Mark Edmonson’s Rhetoric in “The Heart of Humanities” Essay
Mark Edmonson’s The Heart of Humanities: Reading, Writing, Teaching is a set of works that discover the importance of the three parts for those excited about pursuing humanities as a future study area. Throughout the book, the writer introduces his ideas on humanities and explains the significance of reading, writing, and educating. The audience, which represents humanities students, teachers, and those contemplating the profession, is engaged with the assistance of real-life cases and examples from literature, which pertains to the logos rhetorical technique.
The writer connects to the goal audience’s beliefs by giving recommendation and reasoning for the recommendations. For example, based on Edmonson, one “can read your method out of your individual life. But your possibilities of coming into a new one enhance vastly if you are willing to discover methods to write” (7). In this half, the author also makes use of logos to encourage his viewers to continue learning and growing as not solely readers but in addition writers. The technique of logos is important as a result of it appeals to the mental abilities of readers. By appealing to reason in his writing, Edmonson is simpler in creating a connection with the audience that is based mostly on frequent knowledge and values, which facilitates persuasion.
Pathos is one other element of the author’s rhetoric that is used within the guide to persuade his readers. Appealing to emotion brings the author closer to the audience, making a connection that is based on trust and mutual curiosity. This is illustrated within the following example: “most professors of the humanities have little curiosity in religion as a area of life options. […] Beyond skills and knowledge, it is imperative to develop also a sense of individuality and understanding of who college students are as people. Because of this, faith could be “the proper place to start a humanities course” (Edmonson 34; 32). The enchantment to the emotions that readers may affiliate with religion and the assumption in the greater good is a rhetorical strategy that might invoke a psychological response.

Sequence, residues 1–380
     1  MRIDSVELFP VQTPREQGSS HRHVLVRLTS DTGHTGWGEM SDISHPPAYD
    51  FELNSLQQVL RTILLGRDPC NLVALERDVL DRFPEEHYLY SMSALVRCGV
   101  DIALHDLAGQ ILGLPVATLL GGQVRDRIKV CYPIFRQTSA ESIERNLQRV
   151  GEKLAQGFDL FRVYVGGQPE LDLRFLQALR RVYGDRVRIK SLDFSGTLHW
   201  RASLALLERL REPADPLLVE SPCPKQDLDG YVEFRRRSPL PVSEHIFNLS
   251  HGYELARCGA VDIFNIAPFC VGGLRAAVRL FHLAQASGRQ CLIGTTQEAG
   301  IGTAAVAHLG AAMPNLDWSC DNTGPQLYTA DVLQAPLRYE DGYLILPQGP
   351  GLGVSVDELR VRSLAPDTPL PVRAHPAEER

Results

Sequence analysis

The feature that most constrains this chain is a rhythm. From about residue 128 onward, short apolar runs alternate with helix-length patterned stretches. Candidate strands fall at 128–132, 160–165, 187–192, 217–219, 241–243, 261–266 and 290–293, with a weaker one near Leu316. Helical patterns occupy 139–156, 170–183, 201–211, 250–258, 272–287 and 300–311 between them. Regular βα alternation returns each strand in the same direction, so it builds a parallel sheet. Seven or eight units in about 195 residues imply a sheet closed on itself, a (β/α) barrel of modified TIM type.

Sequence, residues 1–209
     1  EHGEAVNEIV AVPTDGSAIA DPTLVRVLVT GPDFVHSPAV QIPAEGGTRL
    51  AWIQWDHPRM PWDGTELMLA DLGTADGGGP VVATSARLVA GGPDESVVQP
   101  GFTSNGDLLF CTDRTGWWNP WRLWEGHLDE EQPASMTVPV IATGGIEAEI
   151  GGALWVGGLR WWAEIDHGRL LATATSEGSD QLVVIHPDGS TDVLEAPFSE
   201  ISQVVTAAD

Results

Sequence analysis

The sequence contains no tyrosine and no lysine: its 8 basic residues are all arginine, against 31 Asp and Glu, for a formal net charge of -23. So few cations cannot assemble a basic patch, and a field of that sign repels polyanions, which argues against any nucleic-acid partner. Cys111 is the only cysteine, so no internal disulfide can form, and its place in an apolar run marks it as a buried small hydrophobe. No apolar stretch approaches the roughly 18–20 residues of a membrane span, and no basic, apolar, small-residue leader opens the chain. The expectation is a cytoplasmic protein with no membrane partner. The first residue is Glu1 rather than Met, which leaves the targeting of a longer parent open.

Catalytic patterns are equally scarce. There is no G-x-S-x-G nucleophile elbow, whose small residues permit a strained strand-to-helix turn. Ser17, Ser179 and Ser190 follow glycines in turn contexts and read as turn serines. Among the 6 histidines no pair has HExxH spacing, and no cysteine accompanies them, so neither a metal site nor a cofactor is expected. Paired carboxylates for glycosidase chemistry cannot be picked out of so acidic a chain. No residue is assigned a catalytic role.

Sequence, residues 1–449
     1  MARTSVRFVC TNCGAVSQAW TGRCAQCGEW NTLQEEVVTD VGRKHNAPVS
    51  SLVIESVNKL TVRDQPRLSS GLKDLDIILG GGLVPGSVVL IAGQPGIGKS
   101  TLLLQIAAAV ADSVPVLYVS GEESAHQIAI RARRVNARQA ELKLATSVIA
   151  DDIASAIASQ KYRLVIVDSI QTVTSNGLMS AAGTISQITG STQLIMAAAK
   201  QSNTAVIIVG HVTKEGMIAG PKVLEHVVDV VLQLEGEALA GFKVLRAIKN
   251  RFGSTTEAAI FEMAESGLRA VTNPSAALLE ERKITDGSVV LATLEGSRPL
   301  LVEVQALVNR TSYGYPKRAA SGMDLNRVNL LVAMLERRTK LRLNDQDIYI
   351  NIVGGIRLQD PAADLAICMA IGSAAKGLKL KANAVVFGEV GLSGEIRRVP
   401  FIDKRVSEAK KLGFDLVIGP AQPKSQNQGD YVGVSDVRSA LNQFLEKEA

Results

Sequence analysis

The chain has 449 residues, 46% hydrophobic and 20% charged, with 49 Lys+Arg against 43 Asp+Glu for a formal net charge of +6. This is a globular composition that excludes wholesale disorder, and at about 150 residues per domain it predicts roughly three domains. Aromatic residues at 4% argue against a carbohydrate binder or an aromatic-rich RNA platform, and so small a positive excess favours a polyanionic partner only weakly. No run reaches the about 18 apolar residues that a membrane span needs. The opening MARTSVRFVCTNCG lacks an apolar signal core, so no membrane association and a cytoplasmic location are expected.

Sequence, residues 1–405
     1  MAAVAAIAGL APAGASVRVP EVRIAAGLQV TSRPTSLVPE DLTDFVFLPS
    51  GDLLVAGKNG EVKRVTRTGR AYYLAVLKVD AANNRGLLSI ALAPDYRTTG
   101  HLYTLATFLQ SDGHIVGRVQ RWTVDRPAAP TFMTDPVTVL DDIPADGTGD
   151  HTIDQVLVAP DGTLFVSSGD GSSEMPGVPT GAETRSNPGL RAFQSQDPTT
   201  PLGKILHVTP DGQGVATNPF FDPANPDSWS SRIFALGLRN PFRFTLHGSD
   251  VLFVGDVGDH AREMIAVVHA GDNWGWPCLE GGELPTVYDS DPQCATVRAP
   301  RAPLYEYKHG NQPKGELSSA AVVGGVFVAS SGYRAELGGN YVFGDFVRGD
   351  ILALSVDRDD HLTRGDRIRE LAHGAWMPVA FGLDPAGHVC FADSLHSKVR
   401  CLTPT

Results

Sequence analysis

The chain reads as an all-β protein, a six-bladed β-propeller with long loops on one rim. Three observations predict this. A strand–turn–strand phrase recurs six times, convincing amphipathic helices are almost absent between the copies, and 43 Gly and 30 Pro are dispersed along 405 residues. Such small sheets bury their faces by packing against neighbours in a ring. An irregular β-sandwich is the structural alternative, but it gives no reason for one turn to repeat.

Ethos, which is a rhetorical technique characterised by convincing the viewers with the assistance of a reputable persuader, can be extensively used in Edmonson’s work. The writer encourages reading as a learning device by utilizing the instance of Malcolm X, who was “easily bested” throughout debates (3). To deal with his weakness, he “ordered books from the prison library, loaded his cell, and set to work reading […] the good philosophers, the economists, the analysts of society” (3). As a results of dedicated studying and reflection, Malcolm X managed to train his thoughts as a muscle, making his speech extra powerful and swish. The viewers can study from this instance because it shows that dedication to work, which is an important component of Edmonson’s rhetoric, can repay and result in success in the long term.
In his writing, Edmonson is clear about his intentions and doesn’t make claims of knowing what’s finest and the way his readers ought to act. By admitting that there isn’t a right means but somewhat a different means for every person, the author creates a story that is persuasive by way of a constructive outlook on the humanities. Instead of a stiff and fact-loaded textual content that’s challenged in its persuasion, Edmonson aims to foster an understanding relationship with his readers, such that it’ll facilitate self-exploration private progress.
Edmonson, Mark. The Heart of Humanities: Reading, Writing, Teaching. Bloomsbury, 2018.